Flow Music App

Visual Design | UX/UI | Interaction Design
Adaptive music-streaming for a dynamic life.


More than 300 million people pay for music-streaming service subscriptions worldwide. The market is dominated by giants like Apple, Amazon, and Spotify. But I wondered—are these streaming services going far enough to address the needs of their users? So I asked. Turns out, there's a huge demand for a wide range of features that big tech has been too slow to develop.

This project aims at envisioning a more functional, personal, and immersive music streaming experience that integrates more seamlessly into our everyday lives. Biometrics (human vital measurements such as heart rate, body temperature, etc.) and other emerging tech could be utilized to create an adaptive music-streaming service that responds to our daily movements, our natural environment, and even our emotional states. It's a music-streaming experience as active and dynamic as we are.
Timeframe: 7 weeks
Roles: UX research, UX writing, visual design, UI design, UI animation, wireframing, prototyping, user flows, interaction design
Tools: Sketch, InVision Studio


The goal of this project was to gather user research and explore how emerging tech could be utilized to create a better music-streaming service with a more positive user experience. The intention was to develop a hi-fidelity, interactive prototype that highlights a few of the product’s main features, showcases attractive visual design, and serves as proof of the app’s concept.

Research & Demographics:

This project began with user research. I wanted to see what kind of streaming services people were using, what about their experience was working or not working, and what kind of features might make it better. All this helped me understand what the ideal music-streaming experience might look like for a specific subset of people.

A survey helped identify an audience between the ages of 19 and 35. Nine out of ten used Spotify as their primary music streaming service, and two-thirds of respondents utilize a fitness tracker, smartwatch, or other pieces of wearable tech in everyday life.
Additional qualitative insight characterized an audience who is both skeptical about the use of their personal data, while remaining highly curious about technology’s role in the future of music streaming.

After listening to the needs of the users, I was able to develop a list of the most desireable app features. Users were clearly looking for a music-listening experience with better sound quality, more diverse offerings, and greater consolidation of content. 
A UX audit of competitor products was the next step in the process. I was surprised to identify several usability flaws and user pain points within the Spotify experience.

Spotify is an app I use every day. But looking at it through a more critical lens helped shine a light on opportunities for improvement. I found numerous examples of poor visual hierarchy as well as redundancies in information architecture.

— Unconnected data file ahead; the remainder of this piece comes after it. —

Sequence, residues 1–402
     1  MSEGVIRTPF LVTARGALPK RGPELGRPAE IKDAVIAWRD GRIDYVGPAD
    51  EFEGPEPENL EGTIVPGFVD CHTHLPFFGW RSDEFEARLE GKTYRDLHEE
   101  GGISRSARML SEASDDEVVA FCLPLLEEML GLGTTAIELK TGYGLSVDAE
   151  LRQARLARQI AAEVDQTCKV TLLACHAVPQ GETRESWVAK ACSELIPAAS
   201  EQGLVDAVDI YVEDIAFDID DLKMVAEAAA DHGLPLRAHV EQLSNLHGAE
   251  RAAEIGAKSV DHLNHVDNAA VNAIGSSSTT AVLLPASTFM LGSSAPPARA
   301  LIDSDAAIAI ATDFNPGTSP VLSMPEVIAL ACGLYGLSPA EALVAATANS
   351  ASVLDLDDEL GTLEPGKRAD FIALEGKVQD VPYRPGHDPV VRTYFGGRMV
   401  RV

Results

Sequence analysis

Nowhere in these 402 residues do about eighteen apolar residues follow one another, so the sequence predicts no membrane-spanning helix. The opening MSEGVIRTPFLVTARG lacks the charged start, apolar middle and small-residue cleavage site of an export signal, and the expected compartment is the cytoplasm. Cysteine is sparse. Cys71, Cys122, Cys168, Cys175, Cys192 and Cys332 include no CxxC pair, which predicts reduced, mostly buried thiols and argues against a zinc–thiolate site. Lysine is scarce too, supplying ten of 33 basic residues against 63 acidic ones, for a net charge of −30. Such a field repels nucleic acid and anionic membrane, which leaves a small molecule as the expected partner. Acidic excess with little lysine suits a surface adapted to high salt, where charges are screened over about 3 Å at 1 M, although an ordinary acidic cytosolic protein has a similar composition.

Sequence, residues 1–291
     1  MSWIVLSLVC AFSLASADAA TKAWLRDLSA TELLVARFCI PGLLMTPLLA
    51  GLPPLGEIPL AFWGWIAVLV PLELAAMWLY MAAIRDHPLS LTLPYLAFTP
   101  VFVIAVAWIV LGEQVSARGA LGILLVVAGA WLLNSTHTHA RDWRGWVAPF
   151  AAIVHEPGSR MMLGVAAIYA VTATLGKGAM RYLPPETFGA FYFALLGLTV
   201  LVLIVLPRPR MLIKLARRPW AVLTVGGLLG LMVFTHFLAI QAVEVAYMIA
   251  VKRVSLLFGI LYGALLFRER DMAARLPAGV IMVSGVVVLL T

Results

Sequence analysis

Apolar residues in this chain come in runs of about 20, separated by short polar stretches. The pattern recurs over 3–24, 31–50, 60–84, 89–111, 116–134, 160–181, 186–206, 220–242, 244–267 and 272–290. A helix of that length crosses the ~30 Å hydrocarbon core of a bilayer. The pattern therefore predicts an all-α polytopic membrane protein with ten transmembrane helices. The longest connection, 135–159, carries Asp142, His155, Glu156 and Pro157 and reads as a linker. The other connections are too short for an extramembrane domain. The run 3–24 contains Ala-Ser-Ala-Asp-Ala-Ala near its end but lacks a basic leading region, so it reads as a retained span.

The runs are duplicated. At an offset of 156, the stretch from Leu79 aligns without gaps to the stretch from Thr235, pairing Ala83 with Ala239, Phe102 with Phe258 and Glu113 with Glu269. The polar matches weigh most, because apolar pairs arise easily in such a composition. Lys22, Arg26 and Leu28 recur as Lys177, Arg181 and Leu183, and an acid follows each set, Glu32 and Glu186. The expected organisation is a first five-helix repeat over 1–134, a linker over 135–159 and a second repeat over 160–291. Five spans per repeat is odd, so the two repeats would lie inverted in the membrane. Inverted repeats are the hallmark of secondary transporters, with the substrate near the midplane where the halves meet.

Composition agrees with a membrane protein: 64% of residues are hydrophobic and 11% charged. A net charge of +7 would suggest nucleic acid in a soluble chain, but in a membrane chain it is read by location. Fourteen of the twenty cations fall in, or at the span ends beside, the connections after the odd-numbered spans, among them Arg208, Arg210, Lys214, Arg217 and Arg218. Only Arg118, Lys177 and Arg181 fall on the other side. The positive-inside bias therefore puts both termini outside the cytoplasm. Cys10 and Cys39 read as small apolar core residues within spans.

Visual inspiration drew heavily from the trending aesthetic of soft UI and nueumorphism and utilized elevation, depth, and glow to create an interface with spatial depth and dimensionality.

User Interface Design:

Low-fidelity wireframes helped me establish strong visual hierarchy and focus on user flows before getting too deep into visual design. I paper prototyped a couple of the most common user flows, taking care to avoid scope creep and keep the project within my given timeframe. Considerations around UX copywriting and how best to communicate product features also began to take shape during this phase.
After wireframing and the development of a basic design system in Sketch, medium and high fidelity UI design for the mobile application came next. Interface design focuses on a dimensional aesthetic, while still emphasizing functionality by using high contrast accent colors and a clear visual hierarchy.

User Interface Animation:

Adding motion and UI animation to user flows was one of the last steps. I took advantage of InVision Studio to link screens together and created fluid, seamless screen transitions that make navigation feel more natural and effortless.

In Closing:

Using a human-centered approach, I collected the insight needed to design a more functional and meaningful music-streaming experience that anticipates user needs, reduces friction within common user flows, and improves usability.

The final deliverable for this project was the design of an interactive walkthrough of the desktop interface. This prototype is intended to be proof of concept for what a user would experience when opening the desktop application for the first time. It helps the user get oriented to the new interface, explains unique features and highlights important information. Please view the video below to see the full walkthrough.